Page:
Roberto Osuna headed to Houston Astros amid domestic violence suspension

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Astros face backlash over pitcher accused of domestic violence

The reaction to the Astros acquiring Roberto Osuna was swift Monday, as many people called out the team for bringing in a player accused of domestic abuse.

Astros General Manager Jeff Luhnow said in a conference call he knew there would be backlash.

"(We) don't take a decision like this lightly. We understand there's going to be a lot of people that don't agree with this decision," he said.

Luhnow said he's followed Osuna's baseball career and he's been after him for a while. But it wasn't until now that the Toronto Blue Jays agreed to the trade.

RELATED: Roberto Osuna, traded to Astros for Ken Giles, wrapping up domestic violence suspension

Last month, MLB suspended Osuna for 75 games due to allegations that he assaulted a woman on May 8.

Luhnow admits the Astros don't know all the details of the case, but he said he felt comfortable with the trade after a conversation with Osuna and his associates.

"The things that I was looking to hear from him, I did. I was very happy with that conversation," Luhnow said.

He did not answer whether he'd reached out to the alleged victim in the case.

The Astros organization trumpets having a zero-tolerance policy for domestic violence. Last year, they released minor league player Danry Vasquez after a domestic violence incident which was caught on camera.

RELATED: Disturbing video released showing former Astros prospect allegedly hitting then-girlfriend
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Houston Police Chief Art Acevedo said he was outraged after video surfaced showing the former Astros prospect beating his girlfriend.

Luhnow insists this is a different situation, because Osuna's alleged assault happened before the Astros acquired him.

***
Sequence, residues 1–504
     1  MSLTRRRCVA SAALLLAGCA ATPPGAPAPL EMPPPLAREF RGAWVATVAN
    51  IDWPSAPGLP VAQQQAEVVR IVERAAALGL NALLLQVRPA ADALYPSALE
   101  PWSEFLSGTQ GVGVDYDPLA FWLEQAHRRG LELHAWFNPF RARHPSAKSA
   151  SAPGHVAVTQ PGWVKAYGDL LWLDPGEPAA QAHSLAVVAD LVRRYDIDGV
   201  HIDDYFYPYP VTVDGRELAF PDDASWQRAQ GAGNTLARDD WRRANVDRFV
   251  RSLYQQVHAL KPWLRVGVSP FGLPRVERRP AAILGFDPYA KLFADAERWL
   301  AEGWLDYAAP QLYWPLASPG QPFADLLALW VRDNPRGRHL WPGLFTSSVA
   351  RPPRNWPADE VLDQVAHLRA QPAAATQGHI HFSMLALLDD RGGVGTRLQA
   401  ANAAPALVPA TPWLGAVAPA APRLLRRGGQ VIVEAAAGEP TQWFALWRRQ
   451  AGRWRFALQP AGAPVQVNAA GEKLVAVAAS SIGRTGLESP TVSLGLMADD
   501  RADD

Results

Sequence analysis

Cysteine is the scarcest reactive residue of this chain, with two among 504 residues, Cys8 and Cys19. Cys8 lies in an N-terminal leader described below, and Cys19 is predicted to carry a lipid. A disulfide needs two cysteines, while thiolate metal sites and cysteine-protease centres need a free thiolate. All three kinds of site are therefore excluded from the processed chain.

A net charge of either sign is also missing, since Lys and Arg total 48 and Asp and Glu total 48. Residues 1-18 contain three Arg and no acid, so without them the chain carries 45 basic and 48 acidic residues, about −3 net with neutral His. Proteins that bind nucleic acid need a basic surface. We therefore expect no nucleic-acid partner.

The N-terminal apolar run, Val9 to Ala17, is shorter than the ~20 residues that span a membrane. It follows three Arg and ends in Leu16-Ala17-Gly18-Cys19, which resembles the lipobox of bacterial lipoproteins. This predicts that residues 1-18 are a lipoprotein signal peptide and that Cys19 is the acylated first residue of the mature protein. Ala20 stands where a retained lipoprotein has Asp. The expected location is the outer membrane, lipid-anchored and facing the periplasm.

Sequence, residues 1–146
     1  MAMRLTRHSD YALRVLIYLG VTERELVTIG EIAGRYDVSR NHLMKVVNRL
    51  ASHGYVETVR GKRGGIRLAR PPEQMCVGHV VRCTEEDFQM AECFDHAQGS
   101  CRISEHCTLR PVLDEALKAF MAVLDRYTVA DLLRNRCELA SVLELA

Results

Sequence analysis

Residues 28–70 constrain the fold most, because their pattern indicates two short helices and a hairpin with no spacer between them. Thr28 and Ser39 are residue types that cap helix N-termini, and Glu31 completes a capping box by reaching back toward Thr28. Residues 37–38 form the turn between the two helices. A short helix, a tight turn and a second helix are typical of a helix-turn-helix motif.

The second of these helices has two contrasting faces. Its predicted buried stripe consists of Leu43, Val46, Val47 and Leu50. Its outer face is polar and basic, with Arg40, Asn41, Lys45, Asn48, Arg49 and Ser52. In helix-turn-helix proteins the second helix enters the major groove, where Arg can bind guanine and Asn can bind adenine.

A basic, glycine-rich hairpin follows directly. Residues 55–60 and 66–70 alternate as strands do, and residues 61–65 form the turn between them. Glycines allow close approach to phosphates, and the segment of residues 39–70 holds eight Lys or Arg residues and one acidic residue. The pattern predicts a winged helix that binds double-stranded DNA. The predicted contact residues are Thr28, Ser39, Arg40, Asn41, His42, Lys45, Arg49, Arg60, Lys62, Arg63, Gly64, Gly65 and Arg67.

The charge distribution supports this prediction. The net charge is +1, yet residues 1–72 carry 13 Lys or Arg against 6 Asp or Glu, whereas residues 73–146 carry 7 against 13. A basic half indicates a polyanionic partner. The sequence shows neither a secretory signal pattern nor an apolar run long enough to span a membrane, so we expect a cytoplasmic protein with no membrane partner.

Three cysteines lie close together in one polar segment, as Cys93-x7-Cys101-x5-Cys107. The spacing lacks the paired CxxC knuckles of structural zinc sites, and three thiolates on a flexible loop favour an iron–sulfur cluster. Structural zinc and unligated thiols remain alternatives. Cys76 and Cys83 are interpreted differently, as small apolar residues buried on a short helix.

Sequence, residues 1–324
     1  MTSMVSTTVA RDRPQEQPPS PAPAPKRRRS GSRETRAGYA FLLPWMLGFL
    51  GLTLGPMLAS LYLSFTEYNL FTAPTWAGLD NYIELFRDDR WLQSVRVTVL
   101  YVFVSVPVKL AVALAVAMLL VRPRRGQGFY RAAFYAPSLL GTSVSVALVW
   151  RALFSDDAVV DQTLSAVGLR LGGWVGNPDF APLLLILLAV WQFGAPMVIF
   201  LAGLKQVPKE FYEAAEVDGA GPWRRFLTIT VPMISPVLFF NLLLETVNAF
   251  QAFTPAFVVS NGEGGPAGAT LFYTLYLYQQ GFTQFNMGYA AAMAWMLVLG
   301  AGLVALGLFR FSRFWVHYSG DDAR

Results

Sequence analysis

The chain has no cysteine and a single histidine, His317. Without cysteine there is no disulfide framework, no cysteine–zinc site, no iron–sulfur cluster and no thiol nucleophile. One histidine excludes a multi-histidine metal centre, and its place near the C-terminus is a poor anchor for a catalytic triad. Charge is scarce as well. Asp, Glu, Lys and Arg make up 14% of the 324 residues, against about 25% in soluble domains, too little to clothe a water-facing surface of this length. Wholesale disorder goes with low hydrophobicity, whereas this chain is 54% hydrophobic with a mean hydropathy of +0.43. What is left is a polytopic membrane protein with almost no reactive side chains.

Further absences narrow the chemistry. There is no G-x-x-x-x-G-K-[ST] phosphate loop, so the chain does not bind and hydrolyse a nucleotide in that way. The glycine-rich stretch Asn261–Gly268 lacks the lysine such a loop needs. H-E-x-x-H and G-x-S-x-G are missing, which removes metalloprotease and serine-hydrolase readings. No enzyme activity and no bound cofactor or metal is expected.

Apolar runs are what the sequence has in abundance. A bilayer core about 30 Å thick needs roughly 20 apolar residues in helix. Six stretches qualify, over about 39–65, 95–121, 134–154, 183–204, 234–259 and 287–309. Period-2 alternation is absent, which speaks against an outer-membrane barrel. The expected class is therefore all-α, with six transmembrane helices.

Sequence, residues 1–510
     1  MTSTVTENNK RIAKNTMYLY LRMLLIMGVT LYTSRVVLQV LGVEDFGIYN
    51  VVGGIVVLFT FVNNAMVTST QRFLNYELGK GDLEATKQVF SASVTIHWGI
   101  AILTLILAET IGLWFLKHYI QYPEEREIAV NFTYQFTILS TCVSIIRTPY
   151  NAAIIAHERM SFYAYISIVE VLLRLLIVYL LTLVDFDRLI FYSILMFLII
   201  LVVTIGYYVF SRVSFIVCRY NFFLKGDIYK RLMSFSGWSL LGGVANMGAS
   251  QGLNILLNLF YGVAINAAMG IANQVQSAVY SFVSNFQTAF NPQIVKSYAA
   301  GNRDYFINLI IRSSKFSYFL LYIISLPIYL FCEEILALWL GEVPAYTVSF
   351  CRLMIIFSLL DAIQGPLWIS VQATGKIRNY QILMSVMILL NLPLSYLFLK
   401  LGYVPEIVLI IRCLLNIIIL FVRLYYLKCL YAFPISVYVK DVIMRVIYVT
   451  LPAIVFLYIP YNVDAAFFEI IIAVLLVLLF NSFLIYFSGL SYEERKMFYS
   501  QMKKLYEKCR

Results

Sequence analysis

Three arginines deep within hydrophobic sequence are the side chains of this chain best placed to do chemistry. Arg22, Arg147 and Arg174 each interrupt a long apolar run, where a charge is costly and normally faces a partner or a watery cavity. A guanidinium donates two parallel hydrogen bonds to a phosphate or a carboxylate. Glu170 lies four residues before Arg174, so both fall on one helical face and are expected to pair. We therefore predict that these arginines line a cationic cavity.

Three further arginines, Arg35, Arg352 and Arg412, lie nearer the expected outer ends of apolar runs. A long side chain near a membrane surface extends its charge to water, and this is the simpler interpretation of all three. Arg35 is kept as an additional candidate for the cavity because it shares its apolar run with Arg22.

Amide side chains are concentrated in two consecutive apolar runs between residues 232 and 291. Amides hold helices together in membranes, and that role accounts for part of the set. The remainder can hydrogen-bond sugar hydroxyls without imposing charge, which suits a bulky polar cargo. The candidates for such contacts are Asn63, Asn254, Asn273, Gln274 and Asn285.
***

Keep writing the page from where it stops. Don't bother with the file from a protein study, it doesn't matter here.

"If anything happens going forward, we absolutely will adhere to our zero-tolerance policy," he said. "I believe you can have a zero-tolerance policy and also have an opportunity to give people second chances when they have made mistakes in the past and other organizations."

While it's unclear exactly what happened in Osuna's alleged assault, it is clear why the Astros organization believe the controversial trade is worth it.

"(Osuna) is a weapon that can make us better so, on the baseball side, he is one of the elite pitchers. And we're hopeful that he will continue to have success here in the field in Houston," Luhnow said.

An unexpected side effect from the trade, several people have posted on Twitter images of their donations to the Houston Area Women's Center, which helps domestic violence victims.

The center released a statement on the issue:

"...we would like to say we are glad that the community is talking about domestic violence and recognizing it as a community concern. We believe the fans have a right to know about issues with players and domestic violence and have a right to ask for transparency and accountability. Because domestic violence is a community issue it's important that organizations like the MLB have policies in place that protect victims and prioritize their safety and also hold abusers accountable for their actions. It is important that organizations seek partnerships with national and local nonprofits when crafting policies against domestic and sexual violence so they work from a place where abusers are held accountable and survivors are kept safe."

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sportsdomestic violenceHouston AstrosMLBHouston
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